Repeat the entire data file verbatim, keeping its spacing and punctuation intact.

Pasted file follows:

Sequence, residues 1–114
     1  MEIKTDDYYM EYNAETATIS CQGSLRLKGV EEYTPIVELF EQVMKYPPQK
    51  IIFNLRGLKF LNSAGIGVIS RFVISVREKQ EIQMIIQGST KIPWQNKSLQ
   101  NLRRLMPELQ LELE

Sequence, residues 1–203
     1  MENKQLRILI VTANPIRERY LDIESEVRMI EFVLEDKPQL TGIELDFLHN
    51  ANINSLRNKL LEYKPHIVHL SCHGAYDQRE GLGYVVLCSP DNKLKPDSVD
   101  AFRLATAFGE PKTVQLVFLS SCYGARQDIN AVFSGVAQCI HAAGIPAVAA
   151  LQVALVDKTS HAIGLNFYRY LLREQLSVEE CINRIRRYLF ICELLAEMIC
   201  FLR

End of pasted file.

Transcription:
Sequence, residues 1–114
     1  MEIKTDDYYM EYNAETATIS CQGSLRLKGV EEYTPIVELF EQVMKYPPQK
    51  IIFNLRGLKF LNSAGIGVIS RFVISVREKQ EIQMIIQGST KIPWQNKSLQ
   101  NLRRLMPELQ LELE

Sequence, residues 1–203
     1  MENKQLRILI VTANPIRERY LDIESEVRMI EFVLEDKPQL TGIELDFLHN
    51  ANINSLRNKL LEYKPHIVHL SCHGAYDQRE GLGYVVLCSP DNKLKPDSVD
   101  AFRLATAFGE PKTVQLVFLS SCYGARQDIN AVFSGVAQCI HAAGIPAVAA
   151  LQVALVDKTS HAIGLNFYRY LLREQLSVEE CINRIRRYLF ICELLAEMIC
   201  FLR